The firm plans to boost the share of Black and Latino people in its U.S. workforce 30% by 2024, a spokesman said. It aims to increase the share of women in its senior leadership ranks by 3% each year.

BlackRock’s progress on growing assets in funds focused on companies with high environmental, social and governance ratings will also impact its lending costs. The firm aims to grow the roughly $200 billion it manages in so-called sustainable strategies to $1 trillion by 2030….

BlackRock is best known for its sprawling lineup of funds that trade rapidly and track indexes. The firm and its CEO, Larry Fink, have pushed companies its funds invest in to be more attentive to environmental and social risks—and to increase workforce diversity….

Going forward, the new lending facility will impose a cost on the asset manager for missing its workplace-improvement and other goals.”

Europe’s biggest oil producer goes green

In an interview conducted by Bloomberg on April 9, Norwegian Finance Minister Jan Tore Sanner described his country’sand, by extension, its massive sovereign wealth fund’s intention to invest heavily in sustainability-related investment vehicles. “We must have the highest possible return on our money,” Sanner told the financial news organization, “but we also want to know that it is invested in a responsible way.” Bloomberg continued:

“The goal is “to increase the competence related to climate risk, investment opportunities, the consequences associated with the transition to the low-emission society,” Sanner said. “This is because this will be perhaps the most important framework condition for large investors in the next 10-20 years.”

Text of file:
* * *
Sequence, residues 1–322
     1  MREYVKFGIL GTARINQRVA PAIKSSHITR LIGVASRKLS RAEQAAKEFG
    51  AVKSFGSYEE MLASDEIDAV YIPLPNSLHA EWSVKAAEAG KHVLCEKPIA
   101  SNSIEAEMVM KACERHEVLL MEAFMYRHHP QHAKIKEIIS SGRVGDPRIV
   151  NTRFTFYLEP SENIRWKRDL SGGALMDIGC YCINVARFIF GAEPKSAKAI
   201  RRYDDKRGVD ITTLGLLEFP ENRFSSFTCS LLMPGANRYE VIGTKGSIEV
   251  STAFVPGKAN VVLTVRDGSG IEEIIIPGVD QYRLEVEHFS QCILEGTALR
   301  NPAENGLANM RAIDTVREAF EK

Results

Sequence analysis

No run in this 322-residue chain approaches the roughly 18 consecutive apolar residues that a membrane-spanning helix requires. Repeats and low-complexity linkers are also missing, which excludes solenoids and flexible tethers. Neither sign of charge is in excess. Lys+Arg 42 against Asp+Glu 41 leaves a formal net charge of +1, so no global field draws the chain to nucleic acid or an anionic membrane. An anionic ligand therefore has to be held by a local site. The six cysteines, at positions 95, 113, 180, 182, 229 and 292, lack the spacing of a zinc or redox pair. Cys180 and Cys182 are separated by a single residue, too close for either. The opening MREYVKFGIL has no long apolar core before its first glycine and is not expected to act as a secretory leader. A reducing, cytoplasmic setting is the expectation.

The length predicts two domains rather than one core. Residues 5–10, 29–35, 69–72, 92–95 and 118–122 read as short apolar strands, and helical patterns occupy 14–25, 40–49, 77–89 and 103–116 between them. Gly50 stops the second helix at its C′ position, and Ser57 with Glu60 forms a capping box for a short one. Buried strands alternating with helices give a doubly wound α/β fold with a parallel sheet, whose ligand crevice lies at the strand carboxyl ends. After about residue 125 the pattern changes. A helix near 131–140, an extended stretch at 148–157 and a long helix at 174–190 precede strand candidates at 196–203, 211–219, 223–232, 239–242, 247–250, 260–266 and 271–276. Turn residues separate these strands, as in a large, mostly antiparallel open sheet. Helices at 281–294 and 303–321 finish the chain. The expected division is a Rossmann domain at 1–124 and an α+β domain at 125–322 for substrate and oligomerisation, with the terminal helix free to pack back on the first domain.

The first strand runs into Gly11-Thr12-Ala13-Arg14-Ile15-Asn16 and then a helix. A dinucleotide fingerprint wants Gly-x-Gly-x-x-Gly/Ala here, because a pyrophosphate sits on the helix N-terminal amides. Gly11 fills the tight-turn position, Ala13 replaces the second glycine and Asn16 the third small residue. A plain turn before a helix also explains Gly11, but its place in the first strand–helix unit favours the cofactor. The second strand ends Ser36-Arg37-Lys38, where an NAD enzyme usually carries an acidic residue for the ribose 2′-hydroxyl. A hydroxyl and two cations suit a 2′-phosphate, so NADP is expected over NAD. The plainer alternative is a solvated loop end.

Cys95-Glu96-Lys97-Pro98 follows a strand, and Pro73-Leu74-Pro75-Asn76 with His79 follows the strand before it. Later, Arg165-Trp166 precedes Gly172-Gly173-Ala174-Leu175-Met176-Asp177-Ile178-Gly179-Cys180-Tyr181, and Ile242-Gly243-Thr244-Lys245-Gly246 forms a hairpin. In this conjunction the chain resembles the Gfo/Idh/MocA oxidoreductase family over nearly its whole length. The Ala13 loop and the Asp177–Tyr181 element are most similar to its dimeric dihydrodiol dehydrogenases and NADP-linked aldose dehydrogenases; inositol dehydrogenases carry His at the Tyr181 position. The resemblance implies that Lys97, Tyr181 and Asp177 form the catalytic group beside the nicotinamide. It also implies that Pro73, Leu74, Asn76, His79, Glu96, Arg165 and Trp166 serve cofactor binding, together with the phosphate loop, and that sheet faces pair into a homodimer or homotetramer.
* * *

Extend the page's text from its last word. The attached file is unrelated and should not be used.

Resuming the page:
Western Europe’s biggest oil nation is now trying to use its giant wealth fund to steer the planet toward a greener future. Its chief executive, Nicolai Tangen, has said he will use his clout to try to force companies to act more responsibly.

Under Sanner’s proposal, which still needs parliamentary approval, about 25-30% of portfolio companies will be cut. Though that sounds like a lot, it only represents about 2% of the fund’s total market value. Sanner says he wants to avoid investments in new emerging markets because they tend to have “weaker institutions, weaker protection of minority shareholders, less openness.”

The changes will make it easier to manage the vast portfolio, and reduce complexity and risk, Sanner said.

The fund, which returned 10.9%, or $123 billion, on its total investments last year, has followed strict ethical guidelines, including bans on certain weapons, tobacco and most exposure to coal, since 2004.”

Oil and gas stocks continue to heat up

In a April 9 piece, Oilprice.com noted the perceived incongruence of the ESG push in the markets and the concomitant fossil fuel-stock rebound:

“In the year to date, the energy sector on the S&P 500 has gained 29.4 percent, Palash Ghosh reported for Forbes. This makes energy the best-performing sector on the S&P 500, followed by finance as a distant second, with a gain of 17.6 percent.

The rally in oil stocks came on the back of improving oil prices, and oil prices improved on the back of, mostly, hopes that economies will soon begin returning to normal. Mass vaccinations in key oil markets did a lot to fuel this post-pandemic optimism about oil, pushing benchmarks above $60 a barrel and drawing investors to oil stocks.

Vaccines were, of course, not the only factor. OPEC+ also kept its production limited for longer than it had initially planned. The cartel decided at its last meeting to raise production gradually and the fact that this decision did not send prices plunging shows that expectations of a demand rebound are really strong right now….